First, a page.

=======================================================================
Finny,
You are steppin' on some toes with your strong negative language in regard to AJ Jolly.
JMO...
======================================================================


Thanks CCS for noticing and "speaking" up.

John,
If I was taking offense I would not have called you Finny.
If you designed a course would you like to hear general critcism (i.e. boring/useless) or specific/constructive ways to improve the course.
BTW, I cannot take offense for I did not design Jolly, but I more than respect the person who did - and I respect you as well.thumbsup
-No harm done to me.
finnhawc
Posted: Friday, May 09, 2008 1:14:16 PM

Rank: Elite Veteran

Joined: 1/16/2007
Posts: 906
Location: Wyoming
Great advice for sure ccs, thank you. The course design isn't the problem for me, given that property that course is what I would hope achieve. The fairways are almost entirely wide open off the tee. AJ Jolly makes good use of the existing topography-some fast greens. As far as redeisgn it wouldn't need too change it but to add to the course as is. Who was the designer-Fred?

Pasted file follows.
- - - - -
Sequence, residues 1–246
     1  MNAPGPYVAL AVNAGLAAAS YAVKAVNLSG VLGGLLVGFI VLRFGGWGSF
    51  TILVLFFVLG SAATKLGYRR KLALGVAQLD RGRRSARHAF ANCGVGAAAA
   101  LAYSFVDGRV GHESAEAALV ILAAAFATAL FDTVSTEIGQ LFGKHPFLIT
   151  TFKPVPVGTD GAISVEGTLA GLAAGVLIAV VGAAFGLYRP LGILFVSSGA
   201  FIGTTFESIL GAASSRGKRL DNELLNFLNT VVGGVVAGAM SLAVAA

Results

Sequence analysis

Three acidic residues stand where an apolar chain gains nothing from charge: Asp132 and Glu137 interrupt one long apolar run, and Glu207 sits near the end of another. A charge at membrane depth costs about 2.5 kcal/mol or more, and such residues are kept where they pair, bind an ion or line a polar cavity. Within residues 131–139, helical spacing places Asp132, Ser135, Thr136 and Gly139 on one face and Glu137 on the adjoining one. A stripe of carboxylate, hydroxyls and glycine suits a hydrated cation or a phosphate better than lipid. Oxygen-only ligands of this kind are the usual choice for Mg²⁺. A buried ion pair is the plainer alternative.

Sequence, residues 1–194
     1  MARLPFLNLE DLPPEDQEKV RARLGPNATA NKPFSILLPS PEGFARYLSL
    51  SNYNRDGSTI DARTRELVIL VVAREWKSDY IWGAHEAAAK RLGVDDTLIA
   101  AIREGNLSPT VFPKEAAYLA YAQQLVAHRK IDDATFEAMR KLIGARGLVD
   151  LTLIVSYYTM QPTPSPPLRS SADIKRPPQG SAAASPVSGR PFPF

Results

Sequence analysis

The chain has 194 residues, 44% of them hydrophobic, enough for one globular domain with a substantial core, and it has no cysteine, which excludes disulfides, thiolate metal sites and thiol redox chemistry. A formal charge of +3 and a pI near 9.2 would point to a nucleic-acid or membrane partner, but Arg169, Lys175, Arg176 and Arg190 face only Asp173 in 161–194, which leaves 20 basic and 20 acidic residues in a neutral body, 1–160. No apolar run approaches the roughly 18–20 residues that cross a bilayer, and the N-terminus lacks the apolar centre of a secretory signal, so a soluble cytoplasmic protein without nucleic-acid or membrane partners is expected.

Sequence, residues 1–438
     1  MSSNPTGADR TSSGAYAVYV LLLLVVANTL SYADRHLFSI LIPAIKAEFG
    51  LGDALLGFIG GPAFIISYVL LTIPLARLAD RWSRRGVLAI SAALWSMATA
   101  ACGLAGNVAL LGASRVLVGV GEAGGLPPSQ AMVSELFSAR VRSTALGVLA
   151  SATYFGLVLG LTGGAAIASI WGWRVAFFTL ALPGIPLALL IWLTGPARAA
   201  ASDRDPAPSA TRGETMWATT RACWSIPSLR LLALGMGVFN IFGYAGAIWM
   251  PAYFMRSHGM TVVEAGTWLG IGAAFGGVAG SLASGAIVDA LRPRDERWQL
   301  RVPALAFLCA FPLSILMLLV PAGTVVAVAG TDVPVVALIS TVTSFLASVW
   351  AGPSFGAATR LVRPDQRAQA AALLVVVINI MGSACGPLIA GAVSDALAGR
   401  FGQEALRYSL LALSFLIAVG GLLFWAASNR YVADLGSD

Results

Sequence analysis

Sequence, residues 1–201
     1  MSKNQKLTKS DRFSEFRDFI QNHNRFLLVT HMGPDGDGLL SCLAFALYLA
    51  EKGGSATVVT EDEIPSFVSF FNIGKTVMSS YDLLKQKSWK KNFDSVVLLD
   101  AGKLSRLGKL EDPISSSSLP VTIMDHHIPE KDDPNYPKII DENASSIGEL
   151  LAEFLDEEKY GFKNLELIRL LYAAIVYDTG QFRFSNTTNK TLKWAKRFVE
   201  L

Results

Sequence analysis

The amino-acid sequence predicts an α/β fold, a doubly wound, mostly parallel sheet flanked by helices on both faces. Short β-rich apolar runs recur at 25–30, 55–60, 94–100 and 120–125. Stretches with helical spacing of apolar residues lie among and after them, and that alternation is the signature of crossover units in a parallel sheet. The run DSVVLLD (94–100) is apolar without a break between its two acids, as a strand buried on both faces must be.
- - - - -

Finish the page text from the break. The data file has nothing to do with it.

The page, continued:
Fred Salaz
Posted: Friday, May 09, 2008 2:17:23 PM
Rank: Expert

Joined: 2/27/2003
Posts: 1,214
You should have seen it before we redesigned it. My theory behind AJ was a place to work on our rollers, long and open holes. How many holes can you think of that you can actually roll on in this area?  AND, how many players can actually roll a disc over 400 ft in this neck of the woods. Not many...
ccs
Posted: Friday, May 09, 2008 2:44:03 PM
Rank: Veteran

Joined: 6/27/2005
Posts: 131
I know this is way off topic but....